Here, the figure seated in the lotus position features two important details: first, a halo, indicating that Prince Siddhartha has attained Enlightenment and so has become the "Buddha", or the Enlightened One, and second, the Dharmachakra Mudra, a hand gesture that represents the "Wheel of Dharma", symbolizing an important occasion in the life of the Buddha; the delivery of his first sermon to his followers after his Enlightenment in the Deer Park at Sarnath, in northern India.
By bringing the thumb and index fingers of each hand together to form a circle, the Buddha sets into motion the Dharmachakra Mudra, or Wheel of Dharma, symbolizing the interconnectedness and interdependence of all life, existence and consequence by way of the laws of Dharma. Additionally, each of the extended fingers of each hand represents a Buddhist virtue or teaching, and the placement of the Mudra in front of the chest symbolizes that these teachings emanate from the Buddha's heart.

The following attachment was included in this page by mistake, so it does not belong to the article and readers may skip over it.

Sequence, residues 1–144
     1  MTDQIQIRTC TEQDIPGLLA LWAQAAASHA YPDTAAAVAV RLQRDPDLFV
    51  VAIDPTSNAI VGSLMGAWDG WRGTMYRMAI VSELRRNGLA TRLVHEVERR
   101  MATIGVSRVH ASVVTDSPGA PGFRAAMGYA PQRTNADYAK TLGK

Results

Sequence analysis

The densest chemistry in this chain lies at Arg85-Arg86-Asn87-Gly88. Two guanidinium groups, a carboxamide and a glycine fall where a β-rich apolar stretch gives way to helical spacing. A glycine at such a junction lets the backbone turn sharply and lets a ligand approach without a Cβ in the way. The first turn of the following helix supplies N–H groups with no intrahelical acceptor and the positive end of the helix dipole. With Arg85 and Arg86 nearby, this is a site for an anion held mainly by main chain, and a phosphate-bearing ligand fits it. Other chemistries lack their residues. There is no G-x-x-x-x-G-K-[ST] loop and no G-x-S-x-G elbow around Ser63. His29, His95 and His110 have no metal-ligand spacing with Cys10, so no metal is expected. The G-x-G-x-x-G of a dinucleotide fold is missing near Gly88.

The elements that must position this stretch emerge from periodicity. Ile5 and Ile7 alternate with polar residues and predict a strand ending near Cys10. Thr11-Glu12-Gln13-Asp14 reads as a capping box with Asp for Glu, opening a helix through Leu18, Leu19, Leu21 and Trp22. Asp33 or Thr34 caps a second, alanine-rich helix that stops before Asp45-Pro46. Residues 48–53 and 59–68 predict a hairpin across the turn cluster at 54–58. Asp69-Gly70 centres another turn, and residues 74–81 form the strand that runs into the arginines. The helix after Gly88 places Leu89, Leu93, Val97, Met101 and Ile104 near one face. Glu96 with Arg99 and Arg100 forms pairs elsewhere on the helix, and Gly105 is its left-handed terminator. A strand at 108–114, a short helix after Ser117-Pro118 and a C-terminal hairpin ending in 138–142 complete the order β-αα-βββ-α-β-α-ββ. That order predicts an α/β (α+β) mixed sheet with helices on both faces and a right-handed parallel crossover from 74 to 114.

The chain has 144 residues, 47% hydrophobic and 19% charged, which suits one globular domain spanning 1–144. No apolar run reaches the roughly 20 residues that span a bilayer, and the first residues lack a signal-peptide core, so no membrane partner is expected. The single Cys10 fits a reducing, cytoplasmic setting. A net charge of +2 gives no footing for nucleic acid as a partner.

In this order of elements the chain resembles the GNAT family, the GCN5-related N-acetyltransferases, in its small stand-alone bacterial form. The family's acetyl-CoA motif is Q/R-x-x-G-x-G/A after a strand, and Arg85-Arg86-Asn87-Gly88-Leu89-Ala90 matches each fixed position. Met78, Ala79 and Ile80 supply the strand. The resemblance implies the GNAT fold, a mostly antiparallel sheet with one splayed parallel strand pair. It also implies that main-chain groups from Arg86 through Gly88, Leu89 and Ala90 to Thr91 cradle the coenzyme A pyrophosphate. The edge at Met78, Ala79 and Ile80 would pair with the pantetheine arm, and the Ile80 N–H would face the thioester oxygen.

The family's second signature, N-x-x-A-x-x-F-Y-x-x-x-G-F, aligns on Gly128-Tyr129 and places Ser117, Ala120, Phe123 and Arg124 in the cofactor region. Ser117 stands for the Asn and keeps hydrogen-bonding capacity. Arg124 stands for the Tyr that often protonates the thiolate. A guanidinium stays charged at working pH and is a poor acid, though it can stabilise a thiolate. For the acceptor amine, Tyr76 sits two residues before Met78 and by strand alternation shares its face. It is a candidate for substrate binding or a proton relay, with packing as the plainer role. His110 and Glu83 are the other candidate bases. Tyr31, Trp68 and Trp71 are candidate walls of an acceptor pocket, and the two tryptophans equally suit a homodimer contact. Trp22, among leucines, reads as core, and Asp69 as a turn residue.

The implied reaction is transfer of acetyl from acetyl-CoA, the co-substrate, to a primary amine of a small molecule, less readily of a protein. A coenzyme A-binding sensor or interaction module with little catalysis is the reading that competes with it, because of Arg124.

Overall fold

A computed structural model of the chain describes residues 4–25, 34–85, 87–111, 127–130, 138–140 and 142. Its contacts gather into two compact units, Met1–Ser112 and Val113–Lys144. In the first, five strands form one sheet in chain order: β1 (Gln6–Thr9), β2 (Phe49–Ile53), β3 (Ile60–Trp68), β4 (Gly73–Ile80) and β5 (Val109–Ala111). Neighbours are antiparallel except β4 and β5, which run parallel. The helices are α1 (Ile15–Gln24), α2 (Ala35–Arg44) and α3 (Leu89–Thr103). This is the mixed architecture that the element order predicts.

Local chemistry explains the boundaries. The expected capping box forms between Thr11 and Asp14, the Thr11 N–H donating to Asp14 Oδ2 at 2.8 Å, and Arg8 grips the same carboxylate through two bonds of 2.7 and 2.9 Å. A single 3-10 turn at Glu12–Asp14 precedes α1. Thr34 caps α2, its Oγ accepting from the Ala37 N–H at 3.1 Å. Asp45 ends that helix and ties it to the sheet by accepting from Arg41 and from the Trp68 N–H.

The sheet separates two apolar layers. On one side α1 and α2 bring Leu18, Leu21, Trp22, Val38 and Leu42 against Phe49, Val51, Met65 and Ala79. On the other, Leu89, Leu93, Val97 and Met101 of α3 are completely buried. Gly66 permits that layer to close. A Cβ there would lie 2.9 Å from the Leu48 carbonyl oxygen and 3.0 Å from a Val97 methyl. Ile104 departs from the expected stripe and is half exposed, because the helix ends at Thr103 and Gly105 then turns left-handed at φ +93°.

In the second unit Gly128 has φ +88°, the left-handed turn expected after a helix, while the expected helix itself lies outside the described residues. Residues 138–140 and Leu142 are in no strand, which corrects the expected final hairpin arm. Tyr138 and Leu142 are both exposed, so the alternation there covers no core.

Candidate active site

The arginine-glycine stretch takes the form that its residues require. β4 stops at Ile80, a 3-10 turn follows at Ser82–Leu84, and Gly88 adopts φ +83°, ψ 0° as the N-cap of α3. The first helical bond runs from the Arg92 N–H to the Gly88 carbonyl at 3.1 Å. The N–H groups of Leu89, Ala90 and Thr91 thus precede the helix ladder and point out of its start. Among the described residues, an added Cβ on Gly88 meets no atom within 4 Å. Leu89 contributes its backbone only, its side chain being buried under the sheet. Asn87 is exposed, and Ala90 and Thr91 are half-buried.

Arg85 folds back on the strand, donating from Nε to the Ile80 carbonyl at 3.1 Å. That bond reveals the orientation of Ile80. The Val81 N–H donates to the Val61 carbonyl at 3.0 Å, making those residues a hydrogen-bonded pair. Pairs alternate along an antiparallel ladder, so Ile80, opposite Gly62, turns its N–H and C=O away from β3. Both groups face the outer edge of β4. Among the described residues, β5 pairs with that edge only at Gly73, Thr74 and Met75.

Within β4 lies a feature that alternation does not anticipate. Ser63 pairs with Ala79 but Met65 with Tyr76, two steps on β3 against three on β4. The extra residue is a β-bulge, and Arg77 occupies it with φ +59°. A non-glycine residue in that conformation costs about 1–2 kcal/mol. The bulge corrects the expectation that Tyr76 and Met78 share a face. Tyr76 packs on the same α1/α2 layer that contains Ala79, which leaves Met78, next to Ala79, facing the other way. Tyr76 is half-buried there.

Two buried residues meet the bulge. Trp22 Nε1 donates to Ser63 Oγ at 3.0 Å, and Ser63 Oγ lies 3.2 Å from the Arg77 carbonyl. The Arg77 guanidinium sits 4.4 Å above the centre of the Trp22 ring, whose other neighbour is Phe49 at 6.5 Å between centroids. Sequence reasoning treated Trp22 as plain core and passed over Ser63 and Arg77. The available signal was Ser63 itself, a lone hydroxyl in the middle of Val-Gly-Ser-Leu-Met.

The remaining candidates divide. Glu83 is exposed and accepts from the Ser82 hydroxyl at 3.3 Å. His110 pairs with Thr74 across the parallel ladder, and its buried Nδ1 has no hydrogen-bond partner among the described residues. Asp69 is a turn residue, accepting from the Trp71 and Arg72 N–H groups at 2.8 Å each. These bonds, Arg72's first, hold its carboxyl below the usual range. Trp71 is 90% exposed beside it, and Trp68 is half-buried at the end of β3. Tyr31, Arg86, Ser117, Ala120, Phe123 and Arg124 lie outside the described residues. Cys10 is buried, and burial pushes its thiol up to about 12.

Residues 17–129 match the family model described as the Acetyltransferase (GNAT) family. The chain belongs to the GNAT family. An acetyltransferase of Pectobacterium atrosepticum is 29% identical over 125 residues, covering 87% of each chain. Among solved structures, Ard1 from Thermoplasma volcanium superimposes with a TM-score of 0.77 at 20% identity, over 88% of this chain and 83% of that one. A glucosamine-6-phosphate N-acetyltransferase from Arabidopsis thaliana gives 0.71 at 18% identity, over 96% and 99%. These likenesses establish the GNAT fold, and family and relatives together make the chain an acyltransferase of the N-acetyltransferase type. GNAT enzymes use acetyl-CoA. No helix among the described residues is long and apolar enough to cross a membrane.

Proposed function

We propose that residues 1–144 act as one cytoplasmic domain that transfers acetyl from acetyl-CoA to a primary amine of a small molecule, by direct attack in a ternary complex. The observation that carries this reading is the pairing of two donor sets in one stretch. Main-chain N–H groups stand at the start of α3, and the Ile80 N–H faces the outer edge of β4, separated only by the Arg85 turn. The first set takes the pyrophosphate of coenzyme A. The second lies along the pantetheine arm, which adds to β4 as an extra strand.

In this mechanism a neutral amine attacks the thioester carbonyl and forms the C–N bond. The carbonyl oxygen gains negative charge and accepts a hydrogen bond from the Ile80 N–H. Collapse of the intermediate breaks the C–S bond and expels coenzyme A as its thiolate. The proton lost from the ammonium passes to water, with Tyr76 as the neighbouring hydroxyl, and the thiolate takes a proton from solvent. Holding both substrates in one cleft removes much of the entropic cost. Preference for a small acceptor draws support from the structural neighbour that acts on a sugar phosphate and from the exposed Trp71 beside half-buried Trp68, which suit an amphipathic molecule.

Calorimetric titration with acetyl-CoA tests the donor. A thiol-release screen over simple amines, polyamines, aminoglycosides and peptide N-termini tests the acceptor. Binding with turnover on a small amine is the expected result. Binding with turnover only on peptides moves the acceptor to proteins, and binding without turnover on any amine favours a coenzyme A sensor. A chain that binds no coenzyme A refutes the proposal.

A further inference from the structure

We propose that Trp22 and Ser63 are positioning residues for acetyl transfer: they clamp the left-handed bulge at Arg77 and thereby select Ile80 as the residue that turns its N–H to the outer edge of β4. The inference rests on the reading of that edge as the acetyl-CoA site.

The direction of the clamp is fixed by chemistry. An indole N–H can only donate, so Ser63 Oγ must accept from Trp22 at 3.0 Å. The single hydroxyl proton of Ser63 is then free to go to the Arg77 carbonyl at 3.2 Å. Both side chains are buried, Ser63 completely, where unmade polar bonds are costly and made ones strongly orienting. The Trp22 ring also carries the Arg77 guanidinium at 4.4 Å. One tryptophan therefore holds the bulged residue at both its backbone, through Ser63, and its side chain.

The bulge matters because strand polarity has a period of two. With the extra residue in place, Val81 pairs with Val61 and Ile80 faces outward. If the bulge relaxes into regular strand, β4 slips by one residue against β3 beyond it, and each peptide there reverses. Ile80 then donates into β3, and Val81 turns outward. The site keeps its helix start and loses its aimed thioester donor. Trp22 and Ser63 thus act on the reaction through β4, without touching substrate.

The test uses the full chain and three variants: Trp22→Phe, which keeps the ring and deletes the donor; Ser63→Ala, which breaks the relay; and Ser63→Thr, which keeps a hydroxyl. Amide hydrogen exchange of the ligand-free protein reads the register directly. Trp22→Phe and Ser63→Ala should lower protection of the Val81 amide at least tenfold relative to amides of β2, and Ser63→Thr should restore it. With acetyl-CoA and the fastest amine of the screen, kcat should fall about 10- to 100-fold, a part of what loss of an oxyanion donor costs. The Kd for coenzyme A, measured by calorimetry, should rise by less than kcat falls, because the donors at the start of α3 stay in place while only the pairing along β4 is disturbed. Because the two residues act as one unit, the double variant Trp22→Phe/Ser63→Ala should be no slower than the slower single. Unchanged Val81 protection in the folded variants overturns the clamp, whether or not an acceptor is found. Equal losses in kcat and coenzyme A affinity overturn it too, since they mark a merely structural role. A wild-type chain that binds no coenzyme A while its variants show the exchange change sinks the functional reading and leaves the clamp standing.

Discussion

This is a detail from one of the outer walls of the Ajanta cave complex, an ancient Buddhist monastery and UNESCO World Heritage Site located in the Aurangabad District of Maharashtra, India.
Originally built from the 2nd century BCE, with additional caves added in subsequent centuries, the Ajanta cave complex contains some of the finest surviving examples of ancient Indian and Buddhist religious art and architecture in the Indian subcontinent.